By Ravena Soto | November 16, 2023
Project Coordinator - Tribal Community Coordinating Center, ETR
California is home to 109 federally recognized Tribes, yet many residents are unfamiliar with the plethora of unique cultures that surround them. The very concept of contemporary California Tribal people navigating the complexities of modern life is hard for many to comprehend.
Growing up, I struggled with my identity. When asked about my origins, my response was often questioned and met with skepticism. Such pervasive thoughts cast a shadow on my sense of self, and I questioned where I fit in the world.
My experience was not isolated; it was part of a larger narrative of erasure. My mother, burdened by not wanting to explain herself, would claim Italian heritage to avoid unwarranted scrutiny. My grandmother chose isolation over facing the judgment of a world that rejected her. She refused to attend our school events, never socialized, and only left the house for necessary errands. She felt so out of place in her ancestral homelands that she hid herself away.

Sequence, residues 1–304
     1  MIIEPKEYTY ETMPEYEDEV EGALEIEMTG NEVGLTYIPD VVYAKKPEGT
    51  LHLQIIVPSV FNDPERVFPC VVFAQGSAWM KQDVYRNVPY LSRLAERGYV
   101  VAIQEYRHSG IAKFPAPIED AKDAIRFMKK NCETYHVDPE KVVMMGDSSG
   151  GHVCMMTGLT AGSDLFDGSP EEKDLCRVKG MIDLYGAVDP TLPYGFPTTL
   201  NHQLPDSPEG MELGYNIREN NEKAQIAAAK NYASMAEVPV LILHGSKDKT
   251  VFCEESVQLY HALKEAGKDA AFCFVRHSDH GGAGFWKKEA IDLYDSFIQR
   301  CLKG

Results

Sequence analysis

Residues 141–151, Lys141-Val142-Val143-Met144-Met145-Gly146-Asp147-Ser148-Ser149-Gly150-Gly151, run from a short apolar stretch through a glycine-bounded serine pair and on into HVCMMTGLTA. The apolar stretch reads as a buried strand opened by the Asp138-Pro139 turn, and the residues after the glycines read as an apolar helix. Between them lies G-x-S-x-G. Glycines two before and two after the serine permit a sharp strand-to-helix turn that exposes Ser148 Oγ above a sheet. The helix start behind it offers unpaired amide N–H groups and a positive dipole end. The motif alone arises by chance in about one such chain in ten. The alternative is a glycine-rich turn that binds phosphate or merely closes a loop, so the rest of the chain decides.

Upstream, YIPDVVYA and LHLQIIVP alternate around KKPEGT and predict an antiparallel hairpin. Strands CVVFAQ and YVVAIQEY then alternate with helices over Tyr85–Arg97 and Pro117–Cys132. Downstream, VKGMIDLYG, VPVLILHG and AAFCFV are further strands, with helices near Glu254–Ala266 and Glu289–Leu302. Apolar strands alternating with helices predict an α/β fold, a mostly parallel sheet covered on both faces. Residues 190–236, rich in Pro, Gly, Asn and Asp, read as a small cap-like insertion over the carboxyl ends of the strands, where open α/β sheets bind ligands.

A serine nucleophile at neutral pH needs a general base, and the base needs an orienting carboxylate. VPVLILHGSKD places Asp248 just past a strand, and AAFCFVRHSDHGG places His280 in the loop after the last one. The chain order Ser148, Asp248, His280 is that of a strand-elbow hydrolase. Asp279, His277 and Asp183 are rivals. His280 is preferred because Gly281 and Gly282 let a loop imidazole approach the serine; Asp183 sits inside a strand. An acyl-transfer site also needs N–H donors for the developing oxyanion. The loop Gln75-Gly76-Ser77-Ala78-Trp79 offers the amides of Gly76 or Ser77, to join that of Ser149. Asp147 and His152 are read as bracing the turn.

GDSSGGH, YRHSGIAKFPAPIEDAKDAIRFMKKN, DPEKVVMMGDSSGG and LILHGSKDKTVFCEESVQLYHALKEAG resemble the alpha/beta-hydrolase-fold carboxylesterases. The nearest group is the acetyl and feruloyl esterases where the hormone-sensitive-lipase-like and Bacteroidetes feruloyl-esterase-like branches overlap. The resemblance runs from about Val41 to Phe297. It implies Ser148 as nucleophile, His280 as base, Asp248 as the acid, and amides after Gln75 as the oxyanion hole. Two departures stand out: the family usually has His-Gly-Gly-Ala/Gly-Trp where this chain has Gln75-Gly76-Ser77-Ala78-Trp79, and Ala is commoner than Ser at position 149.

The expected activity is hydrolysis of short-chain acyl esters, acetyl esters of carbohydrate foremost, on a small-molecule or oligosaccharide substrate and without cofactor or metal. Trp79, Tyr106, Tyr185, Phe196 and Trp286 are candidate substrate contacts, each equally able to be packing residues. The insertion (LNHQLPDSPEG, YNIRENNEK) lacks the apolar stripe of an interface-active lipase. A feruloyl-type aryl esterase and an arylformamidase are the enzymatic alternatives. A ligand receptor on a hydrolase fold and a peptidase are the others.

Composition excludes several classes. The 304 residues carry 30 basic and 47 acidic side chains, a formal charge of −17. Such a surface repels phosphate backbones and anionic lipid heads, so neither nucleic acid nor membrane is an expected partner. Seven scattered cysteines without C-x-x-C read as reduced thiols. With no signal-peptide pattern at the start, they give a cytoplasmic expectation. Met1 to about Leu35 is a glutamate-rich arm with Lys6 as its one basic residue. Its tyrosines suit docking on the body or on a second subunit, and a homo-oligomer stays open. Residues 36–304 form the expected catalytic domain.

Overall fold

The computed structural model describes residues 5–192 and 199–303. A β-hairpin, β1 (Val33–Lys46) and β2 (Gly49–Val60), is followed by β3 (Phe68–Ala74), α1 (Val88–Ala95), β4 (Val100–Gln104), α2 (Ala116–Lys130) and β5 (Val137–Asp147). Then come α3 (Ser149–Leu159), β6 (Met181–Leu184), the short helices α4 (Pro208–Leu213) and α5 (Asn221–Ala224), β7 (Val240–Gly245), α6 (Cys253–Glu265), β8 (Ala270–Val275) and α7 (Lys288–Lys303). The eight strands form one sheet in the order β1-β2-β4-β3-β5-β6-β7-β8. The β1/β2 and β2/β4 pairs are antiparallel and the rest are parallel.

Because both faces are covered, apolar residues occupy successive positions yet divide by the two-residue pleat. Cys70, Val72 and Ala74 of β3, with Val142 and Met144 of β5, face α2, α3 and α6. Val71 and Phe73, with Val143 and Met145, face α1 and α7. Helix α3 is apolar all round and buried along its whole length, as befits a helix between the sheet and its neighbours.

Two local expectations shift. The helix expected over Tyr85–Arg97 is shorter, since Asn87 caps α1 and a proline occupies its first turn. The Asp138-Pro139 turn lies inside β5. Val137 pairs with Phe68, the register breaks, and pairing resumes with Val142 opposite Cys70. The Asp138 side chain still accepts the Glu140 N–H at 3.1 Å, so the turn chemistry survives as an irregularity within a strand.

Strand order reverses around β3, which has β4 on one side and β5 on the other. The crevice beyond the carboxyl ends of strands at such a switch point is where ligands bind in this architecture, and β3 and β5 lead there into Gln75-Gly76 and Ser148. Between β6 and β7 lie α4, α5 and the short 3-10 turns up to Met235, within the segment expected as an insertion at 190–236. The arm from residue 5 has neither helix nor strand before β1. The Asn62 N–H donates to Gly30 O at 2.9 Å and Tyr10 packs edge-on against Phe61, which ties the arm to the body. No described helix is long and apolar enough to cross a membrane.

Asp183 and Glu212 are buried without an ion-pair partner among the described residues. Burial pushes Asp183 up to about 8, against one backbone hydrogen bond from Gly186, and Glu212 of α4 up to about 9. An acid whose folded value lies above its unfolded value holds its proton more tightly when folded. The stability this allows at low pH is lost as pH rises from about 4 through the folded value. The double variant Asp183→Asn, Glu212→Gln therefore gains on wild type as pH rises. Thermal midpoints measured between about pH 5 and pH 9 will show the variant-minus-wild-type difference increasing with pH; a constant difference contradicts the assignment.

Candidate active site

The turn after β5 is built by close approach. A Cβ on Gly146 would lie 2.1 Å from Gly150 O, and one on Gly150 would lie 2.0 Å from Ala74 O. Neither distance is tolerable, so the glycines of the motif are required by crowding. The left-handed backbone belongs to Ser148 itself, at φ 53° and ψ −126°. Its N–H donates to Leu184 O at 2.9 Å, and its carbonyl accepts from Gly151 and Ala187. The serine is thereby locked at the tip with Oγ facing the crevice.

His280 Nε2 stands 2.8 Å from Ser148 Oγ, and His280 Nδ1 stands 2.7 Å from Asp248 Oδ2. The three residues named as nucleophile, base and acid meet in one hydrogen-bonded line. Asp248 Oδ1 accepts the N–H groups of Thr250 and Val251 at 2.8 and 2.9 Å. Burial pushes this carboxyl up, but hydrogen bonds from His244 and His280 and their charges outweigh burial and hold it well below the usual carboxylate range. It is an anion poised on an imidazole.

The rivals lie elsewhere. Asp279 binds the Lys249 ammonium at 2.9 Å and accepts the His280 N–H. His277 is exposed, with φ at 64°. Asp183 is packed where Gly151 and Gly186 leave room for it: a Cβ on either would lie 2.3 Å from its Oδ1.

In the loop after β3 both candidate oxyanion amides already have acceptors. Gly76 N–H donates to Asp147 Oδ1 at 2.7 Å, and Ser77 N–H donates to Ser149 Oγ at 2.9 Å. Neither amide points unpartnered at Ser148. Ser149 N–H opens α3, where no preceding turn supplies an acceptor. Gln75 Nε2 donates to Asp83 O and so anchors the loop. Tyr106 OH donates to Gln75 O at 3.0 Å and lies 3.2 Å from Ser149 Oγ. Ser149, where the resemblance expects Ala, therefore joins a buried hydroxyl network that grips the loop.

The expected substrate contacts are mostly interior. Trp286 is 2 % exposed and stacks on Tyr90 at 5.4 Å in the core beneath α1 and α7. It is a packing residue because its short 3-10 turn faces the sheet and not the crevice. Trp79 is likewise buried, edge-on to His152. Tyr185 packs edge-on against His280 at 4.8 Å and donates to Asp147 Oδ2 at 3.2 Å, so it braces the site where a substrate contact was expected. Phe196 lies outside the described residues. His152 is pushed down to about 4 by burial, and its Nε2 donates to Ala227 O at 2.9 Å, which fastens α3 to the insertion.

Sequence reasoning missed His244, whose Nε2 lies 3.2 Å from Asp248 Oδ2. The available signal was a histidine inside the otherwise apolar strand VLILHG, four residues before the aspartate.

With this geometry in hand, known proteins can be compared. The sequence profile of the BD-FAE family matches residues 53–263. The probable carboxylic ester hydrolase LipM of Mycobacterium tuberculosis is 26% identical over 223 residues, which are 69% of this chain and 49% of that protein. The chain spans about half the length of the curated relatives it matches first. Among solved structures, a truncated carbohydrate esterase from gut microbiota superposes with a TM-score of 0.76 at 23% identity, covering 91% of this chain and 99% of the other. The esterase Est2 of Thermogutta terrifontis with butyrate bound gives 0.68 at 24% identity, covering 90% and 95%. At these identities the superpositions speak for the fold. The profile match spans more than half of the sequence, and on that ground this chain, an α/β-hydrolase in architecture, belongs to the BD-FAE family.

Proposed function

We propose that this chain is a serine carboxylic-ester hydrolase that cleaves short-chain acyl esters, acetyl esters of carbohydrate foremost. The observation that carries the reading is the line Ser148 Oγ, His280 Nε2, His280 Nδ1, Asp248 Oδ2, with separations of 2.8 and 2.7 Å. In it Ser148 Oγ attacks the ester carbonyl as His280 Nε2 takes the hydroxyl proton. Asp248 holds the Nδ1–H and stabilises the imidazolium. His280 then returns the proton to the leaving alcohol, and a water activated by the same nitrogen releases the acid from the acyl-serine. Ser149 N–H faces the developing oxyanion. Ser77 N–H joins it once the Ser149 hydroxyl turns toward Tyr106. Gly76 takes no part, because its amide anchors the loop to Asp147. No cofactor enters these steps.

Her behavior was not irrational. Native Californian people were rarely included in the narratives of my childhood unless they were portrayed as primitive and extinct relics of the past. I knew the existence and reality of my community, yet we were tucked away from the awareness of the wider world. I felt voiceless, uncomfortable, and invisible, so it never crossed my mind that I could share my story or advocate for myself or family.
In recent times, there has been a resurgence of strength and visibility. We have emphatic leaders like Assemblymember James Ramos, who is a trailblazer as the first Native Californian to serve in the legislature. Witnessing his advocacy has been nothing short of remarkable and validating.
For the first time, I feel genuinely represented by a public figure, as he unapologetically speaks up and pushes for change on behalf of Native Californian people. This change signifies more than just a political milestone; it symbolizes the resilience and power of our people.